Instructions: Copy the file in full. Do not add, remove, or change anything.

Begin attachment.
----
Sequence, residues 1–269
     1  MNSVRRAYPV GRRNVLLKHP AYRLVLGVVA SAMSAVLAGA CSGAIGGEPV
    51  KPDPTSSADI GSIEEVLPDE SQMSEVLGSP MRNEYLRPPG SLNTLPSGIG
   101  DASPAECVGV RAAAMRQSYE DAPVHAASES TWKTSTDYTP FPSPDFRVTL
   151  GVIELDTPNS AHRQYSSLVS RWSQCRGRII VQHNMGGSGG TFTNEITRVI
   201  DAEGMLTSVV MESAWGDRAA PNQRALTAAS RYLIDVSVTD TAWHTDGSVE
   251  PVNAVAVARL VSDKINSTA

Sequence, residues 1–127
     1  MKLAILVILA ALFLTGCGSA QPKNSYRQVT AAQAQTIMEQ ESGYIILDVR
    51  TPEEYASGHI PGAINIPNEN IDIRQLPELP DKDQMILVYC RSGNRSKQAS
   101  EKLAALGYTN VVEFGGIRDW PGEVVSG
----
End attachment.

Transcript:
Sequence, residues 1–269
     1  MNSVRRAYPV GRRNVLLKHP AYRLVLGVVA SAMSAVLAGA CSGAIGGEPV
    51  KPDPTSSADI GSIEEVLPDE SQMSEVLGSP MRNEYLRPPG SLNTLPSGIG
   101  DASPAECVGV RAAAMRQSYE DAPVHAASES TWKTSTDYTP FPSPDFRVTL
   151  GVIELDTPNS AHRQYSSLVS RWSQCRGRII VQHNMGGSGG TFTNEITRVI
   201  DAEGMLTSVV MESAWGDRAA PNQRALTAAS RYLIDVSVTD TAWHTDGSVE
   251  PVNAVAVARL VSDKINSTA

Sequence, residues 1–127
     1  MKLAILVILA ALFLTGCGSA QPKNSYRQVT AAQAQTIMEQ ESGYIILDVR
    51  TPEEYASGHI PGAINIPNEN IDIRQLPELP DKDQMILVYC RSGNRSKQAS
   101  EKLAALGYTN VVEFGGIRDW PGEVVSG